Individuals operating within the scientific paradigm presume that the world is made of matter. Although the perspective engendered by this presupposition is very powerful, it excludes value and subjective experience from its fundamental ontology. In addition, it provides very little guidance with regards to the fundamentals of ethical action. Individuals within the religious paradigm, by contrast, presume that the world is made out of what matters. From such a perspective, the phenomenon of meaning is the primary reality. This meaning is revealed both subjectively and objectively, and serves—under the appropriate conditions—as an unerring guide to ethical action.The ancient stories of Genesis cannot be properly understood without viewing them from within the religious paradigm. Genesis describes the primary categories of the world of meaning, as well as the eternal interactions of those categories. Order arises out of Chaos, through the creative intermediation of Logos, and man is manifested, in turn. Man, a constrained Logos, exists within a bounded state of being, Eden. Eden is a place where order and chaos, nature and culture, find their optimal state of balance. Because Eden is a walled garden, however—a bounded state of being—something is inevitably excluded. Unfortunately, what is excluded does not simply cease to exist. Every bounded paradise thus contains something forbidden and unknown. Man's curiosity inevitably drives him to investigate what has been excluded. The knowledge thus generated perpetually destroys the presuppositions and boundaries that allow his temporary Edens to exist. Thus, man is eternally fallen. The existential pain generated by this endlessly fallen state can undermine man's belief in the moral justifi0ability of being—and may turn him, like Cain, against brother and God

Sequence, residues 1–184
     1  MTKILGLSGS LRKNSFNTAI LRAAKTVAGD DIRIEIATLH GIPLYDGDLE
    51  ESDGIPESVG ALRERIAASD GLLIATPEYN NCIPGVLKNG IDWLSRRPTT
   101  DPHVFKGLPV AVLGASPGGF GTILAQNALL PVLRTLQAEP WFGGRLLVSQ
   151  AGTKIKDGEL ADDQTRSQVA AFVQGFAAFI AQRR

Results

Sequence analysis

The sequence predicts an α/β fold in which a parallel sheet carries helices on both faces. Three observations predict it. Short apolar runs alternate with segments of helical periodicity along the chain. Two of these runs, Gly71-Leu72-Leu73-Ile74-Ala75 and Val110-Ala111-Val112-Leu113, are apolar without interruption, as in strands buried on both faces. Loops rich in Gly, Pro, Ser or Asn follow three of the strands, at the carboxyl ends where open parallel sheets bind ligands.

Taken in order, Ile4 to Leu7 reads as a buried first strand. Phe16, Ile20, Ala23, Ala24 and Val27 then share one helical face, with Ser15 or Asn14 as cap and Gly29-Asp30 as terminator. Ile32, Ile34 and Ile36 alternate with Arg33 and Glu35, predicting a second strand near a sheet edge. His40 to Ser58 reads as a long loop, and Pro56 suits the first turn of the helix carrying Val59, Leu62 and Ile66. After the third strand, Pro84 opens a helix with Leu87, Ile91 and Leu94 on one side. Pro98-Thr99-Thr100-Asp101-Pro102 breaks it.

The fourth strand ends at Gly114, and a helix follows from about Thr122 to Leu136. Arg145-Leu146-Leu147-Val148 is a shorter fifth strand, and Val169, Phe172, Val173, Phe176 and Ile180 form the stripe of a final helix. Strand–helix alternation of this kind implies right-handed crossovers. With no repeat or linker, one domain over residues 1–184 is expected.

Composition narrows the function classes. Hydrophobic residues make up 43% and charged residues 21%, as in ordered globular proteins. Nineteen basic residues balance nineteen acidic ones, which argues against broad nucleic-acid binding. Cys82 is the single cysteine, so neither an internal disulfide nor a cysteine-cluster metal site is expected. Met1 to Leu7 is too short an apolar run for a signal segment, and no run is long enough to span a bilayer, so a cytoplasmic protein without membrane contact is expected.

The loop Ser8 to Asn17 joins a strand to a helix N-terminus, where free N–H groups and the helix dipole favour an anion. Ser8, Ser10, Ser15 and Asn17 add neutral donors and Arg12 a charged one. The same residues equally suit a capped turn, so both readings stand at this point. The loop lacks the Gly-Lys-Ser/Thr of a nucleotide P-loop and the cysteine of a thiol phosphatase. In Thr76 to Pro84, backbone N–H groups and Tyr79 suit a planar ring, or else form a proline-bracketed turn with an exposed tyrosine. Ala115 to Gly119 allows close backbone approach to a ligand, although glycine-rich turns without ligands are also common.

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DOI 10.1163/008467207x188649
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